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Hip-Hop Fridays: E-Letter To The Wall St. Journal And Kimberly A. Strassel Re: Mainstream Gangsta

Your recent opinion editorial, "Mainstream Gangsta" is one of the most misinformed, superficial and crafted pieces that we have read about Hip-Hop in recent years. And we guess that should come as no surprise considering that it was written for the benefit of the Wall St. Journal readership, the vast majority of which, is not an informed Hip-Hop audience. Only such an unprepared audience, with little understanding of Hip-Hop history and culture, could find your piece to be credible, maybe.

Quite honestly, we can't find the point or purpose of your article, other than the possibility that somebody at the Wall St. Journal editorial page was desperate for a piece on Hip Hop in light of Eminem's Grammy controversy and Puffy's trial. Evidently, somebody at the Journal felt the paper had to have a piece on Hip-Hop and your writing fit the bill.

Anybody familiar with the evolution of Hip-Hop would not be able to agree with much of the content of your piece.

First, your article contains a significant amount of revisionist history.

You write:

"Rap music has always flirted with widespread success, but it wasn't until recently that it hit it big. The 1980s chart successes of Run-DMC or LL Cool J were limited to a few catchy tunes, and most of those were notable for their blend of pop and rap. And when the modern rap fad first emerged in the 1990s, it also had a limited audience. But the niche quickly became notorious. This new brand of rapping was different: It came from the ghetto, it was violent, full of vulgarity, degrading to women."

Ms. Strassel, what do you mean by the "modern" rap fad? When exactly did it begin? You seem to identify the characteristics of this new Hip-Hop as some line of demarcation. You say, "This new brand of rapping was different: It came from the ghetto, it was violent, full of vulgarity, degrading to women."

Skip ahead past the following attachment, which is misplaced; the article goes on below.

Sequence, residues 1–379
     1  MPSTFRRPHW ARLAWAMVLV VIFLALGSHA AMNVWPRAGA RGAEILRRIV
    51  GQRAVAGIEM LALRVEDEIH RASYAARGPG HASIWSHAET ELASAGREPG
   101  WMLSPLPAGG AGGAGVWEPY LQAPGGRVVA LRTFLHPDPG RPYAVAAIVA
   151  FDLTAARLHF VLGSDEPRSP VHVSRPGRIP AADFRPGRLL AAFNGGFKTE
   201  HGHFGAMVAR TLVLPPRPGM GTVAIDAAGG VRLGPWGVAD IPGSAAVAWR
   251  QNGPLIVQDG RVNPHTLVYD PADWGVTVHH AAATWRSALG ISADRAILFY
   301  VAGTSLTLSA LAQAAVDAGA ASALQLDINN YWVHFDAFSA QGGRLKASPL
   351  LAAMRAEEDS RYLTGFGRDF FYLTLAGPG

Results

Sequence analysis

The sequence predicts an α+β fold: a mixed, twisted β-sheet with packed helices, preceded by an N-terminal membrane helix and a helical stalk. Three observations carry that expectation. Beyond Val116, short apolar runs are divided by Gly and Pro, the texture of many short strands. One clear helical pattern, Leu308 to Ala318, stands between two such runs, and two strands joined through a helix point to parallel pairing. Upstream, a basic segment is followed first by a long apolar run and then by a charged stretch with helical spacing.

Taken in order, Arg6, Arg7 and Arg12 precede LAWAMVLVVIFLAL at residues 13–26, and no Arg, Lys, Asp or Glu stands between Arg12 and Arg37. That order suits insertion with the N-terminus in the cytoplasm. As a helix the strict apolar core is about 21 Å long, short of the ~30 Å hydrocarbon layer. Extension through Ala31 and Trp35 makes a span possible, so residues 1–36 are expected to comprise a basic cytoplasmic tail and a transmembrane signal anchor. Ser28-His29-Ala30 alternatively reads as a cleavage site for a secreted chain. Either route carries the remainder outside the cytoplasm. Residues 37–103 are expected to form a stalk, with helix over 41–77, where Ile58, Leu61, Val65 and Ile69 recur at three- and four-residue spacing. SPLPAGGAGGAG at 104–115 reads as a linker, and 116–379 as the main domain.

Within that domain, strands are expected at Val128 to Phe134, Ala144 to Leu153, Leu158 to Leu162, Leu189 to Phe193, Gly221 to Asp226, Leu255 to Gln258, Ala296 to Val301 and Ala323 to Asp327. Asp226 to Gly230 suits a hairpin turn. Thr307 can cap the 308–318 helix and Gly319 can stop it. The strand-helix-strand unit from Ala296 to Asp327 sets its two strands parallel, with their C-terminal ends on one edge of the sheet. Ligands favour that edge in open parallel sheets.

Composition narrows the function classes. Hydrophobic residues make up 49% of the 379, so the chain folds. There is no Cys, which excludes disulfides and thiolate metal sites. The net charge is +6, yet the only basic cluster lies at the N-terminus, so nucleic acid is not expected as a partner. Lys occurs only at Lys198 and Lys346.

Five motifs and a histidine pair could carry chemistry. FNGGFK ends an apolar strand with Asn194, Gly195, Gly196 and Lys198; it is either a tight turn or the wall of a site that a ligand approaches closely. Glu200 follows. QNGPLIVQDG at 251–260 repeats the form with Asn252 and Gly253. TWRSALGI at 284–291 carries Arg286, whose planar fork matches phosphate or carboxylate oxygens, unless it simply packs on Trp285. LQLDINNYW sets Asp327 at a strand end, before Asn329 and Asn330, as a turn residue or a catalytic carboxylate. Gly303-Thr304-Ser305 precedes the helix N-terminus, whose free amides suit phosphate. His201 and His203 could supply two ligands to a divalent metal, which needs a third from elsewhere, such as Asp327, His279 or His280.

Ms. Strassel, when was Hip-Hop not from the ghetto? You expect us to believe that Hip-Hop came from the ghetto in the 1990s? Try the 1970s. Evidently, your Hip-Hop timepiece starts about twenty years too late.

And excuse us, but did you not notice the fact that Ice-T, NWA, Ice Cube, Schooly D., and Just - Ice were making music that depicted violence and which was "full of vulgarity, degrading to women" as you put it. This is nothing to be proud of, but please, get your facts straight.

Many of these groups, along with other "non-violent" groups, I'll let you go back and find out which ones, enjoyed plenty of chart success.

Your ignorance of Hip-Hop history is absolutely revealed by your inability to factor in the chart-topping success of groups like Public Enemy, Salt-N-Pepa, EPMD, Eric B & Rakim and Big Daddy Kane, all of which began in the 1980s.

Like most uninformed listeners who are trying to "pimp" Hip-Hop's popularity in order to appeal to a White suburban audience, you reduce Hip-Hop's success to a few notable examples, of the MTV variety, in your case, Run DMC and LL Cool J.

And Ms. Strassel, since Hip-Hop is touching 30 years of existence, isn't it time for you to accept that it can not possibly be a fad?

As if that wasn't enough, you improve on your own ignorance by writing,

"If the messages weren't tough enough, the listening world soon got proof that its musicians lived by their creed. In 1996 and 1997, gangland-style killings claimed the lives of two rappers, Tupac Shakur and Notorious B.I.G. Washington lobby and parental groups went nuts, demanding the censure of lyrics. Record companies, fearing a backlash, canceled artists and postponed concerts. In the minds of much of the public, rap wasn't just irascible, but inherently dangerous."

What in the world are you talking about? And where are you getting your information?